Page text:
• Indicate what outputs you expect to produce (e.g. reports, publications, network development).
  • Explain how this meeting fits in with the goals of the GFBR.
  • Propose a budget.
  • Provide a signed letter from your supervisor or management at your current institution (supporting your trip and confirming that it is necessary and relevant).

How will the successful applications be selected?

Selection of the applications will be through a competitive process. Applicants must have attended the most recent GFBR meeting.

The GFBR Steering Committee will review the applications and make a selection based on the following criteria:

  • Relevance of application to the subject matter of the previous GFBR meeting (ethics of research in pregnancy).
  • Appropriateness of fit between applicant and host institution (for travel fellowships only).
  • Whether collaboration will help to develop new and valuable connections between countries and institutions.
  • Reasonable cost calculations.
  • Value of anticipated outputs.

 

The Steering Committee will make a decision and aim to inform applicants of the outcome within two months of the submission deadline.

How do I apply?

The fellowships are administered by Wellcome on behalf of the GFBR. To apply you need to register and create an account on the Wellcome Trust Grant Tracker (WTGT). It is through this portal that you can access and complete the fellowship application form.

 

For reference, you can follow this link to view a sample fellowship application form.

 

If you have any technical questions regarding the WTGT registration process please contact the helpdesk (gtsupport@wellcome.ac.uk or +44(0)20 7611 8383).

 

If you have any queries about the application process more broadly, please email the GFBR secretariat.

Awarded fellowships 2015-16

The 2015-16 Fellowships relate to the GFBR meeting theme “Emerging epidemic infections and experimental medical treatments”.

Dr Derrick Aarons – The Caribbean Public Health Agency – for a project entitled “Ethics oversight of research on emerging epidemic infections and experimental medical treatments.”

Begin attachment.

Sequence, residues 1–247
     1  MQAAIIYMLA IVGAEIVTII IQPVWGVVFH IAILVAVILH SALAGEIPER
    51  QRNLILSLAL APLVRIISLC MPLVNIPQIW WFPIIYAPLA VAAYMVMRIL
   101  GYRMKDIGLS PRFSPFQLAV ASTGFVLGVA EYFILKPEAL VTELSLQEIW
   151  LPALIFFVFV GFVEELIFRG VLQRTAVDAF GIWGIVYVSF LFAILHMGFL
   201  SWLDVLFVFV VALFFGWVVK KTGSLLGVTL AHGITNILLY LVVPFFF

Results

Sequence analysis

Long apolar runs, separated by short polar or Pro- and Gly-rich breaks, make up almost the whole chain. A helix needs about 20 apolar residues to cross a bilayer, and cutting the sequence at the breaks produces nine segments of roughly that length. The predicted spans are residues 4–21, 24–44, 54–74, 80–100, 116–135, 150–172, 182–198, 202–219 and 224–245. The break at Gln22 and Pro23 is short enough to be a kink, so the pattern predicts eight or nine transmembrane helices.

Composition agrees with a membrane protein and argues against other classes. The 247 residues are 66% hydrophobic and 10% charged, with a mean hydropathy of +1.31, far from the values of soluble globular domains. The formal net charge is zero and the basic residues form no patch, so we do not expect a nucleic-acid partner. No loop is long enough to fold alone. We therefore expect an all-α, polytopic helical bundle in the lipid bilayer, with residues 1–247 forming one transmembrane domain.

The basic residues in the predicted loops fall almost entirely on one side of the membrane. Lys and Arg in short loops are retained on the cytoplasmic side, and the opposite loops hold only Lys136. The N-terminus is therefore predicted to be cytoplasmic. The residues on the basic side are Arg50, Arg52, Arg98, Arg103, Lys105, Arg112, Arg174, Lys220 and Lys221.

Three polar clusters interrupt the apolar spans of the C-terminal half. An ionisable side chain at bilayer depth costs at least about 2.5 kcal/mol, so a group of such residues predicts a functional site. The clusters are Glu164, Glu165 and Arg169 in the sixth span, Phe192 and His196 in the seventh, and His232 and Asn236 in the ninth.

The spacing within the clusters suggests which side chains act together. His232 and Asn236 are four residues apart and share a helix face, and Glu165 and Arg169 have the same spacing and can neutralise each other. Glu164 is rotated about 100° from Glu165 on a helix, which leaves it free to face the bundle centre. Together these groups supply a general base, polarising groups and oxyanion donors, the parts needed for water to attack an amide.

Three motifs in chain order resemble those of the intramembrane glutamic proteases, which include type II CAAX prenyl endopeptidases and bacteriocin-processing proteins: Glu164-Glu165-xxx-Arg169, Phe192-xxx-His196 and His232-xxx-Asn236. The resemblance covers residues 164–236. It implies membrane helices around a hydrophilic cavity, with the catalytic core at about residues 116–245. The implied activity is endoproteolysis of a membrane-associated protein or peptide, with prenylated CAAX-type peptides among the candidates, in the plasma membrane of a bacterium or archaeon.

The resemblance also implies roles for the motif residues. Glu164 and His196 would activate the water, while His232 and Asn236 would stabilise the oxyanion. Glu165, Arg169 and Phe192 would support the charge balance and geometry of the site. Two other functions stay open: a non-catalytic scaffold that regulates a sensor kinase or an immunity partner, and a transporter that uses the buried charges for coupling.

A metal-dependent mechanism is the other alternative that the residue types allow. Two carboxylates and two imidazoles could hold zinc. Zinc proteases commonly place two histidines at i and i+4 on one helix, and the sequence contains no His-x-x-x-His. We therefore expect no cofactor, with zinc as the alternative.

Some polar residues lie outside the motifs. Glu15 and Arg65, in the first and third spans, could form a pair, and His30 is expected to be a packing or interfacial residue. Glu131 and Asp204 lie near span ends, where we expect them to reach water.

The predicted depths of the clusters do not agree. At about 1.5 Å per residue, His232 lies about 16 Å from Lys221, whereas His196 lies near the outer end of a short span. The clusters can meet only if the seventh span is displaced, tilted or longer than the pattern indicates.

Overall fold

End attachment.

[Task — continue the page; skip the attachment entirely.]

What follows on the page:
Dr Julio Canario – Centro Nacional de Investigaciones en Salud Materno Infantil, Dominican Republic – for a project entitled “Ethical challenges for international collaborative research in the context of Zika in the Caribbean.”

Dr Ama Edwin – Korle Bu Teaching Hospital, Ghana – for a project entitled “Development of operational guidance for epidemics ethics.”

Dr Morenike Ukpong – Obafemi Awolowo University, Nigeria – for a project entitled “Ethical considerations and community engagement when conducting research during an infectious disease emergency.”

Mr Aminu Yakubu – Federal Ministry of Health, Nigeria – for a project entitled “Motivation to participate in trials of epidemic prone diseases.”

Awarded fellowships 2016-17

The 2016-17 Fellowships relate to the GFBR meeting theme “Ethics of research in pregnancy”.

Dr Ricardo Palacios Instituto Butantan, Brasil – “Development of reference documents to incorporate pregnant women in vaccine clinical development plans”

Dr Irene Melamed – Latin American School of Social Sciences, Argentina – “Open Educational Resources: a strategy to reduce the know – do gap in “Ethics of Research in Pregnancy”

Dr Jackeline Alger Instituto de Enfermedades Infecciosas y Parasitologia Antonio Vidal, Honduras – “Forum on research integrity and ethics of research in pregnancy in Mesoamerica”

Dr Kenneth Ngure Jomo Kenyatta University of Agriculture and Technology, Kenya – “Enrolling pregnant adolescents in biomedical research: Ethical considerations for HIV prevention studies”

Dr Mary Kasule University of Botswana – “Ethical and Scientific complexities in research involving pregnant women affected by HIV and women with the potential to become pregnant during HIV-related research: a case of Botswana”

Dr Titus Divala University of Malawi – “Ethical implications of the presumption of exclusion of pregnant women in malaria clinical trials”

Ms Sithembile Ruzario – Medical Research Council of Zimbabwe – “Developing guidelines for promoting inclusion of pregnant women in clinical trials in Zimbabwe”

Ms Haihong Zhang Peking University Health Science Center, China – “Empowering ethical review of research involving pregnant women in China: challenges and possible strategies at the institutional level”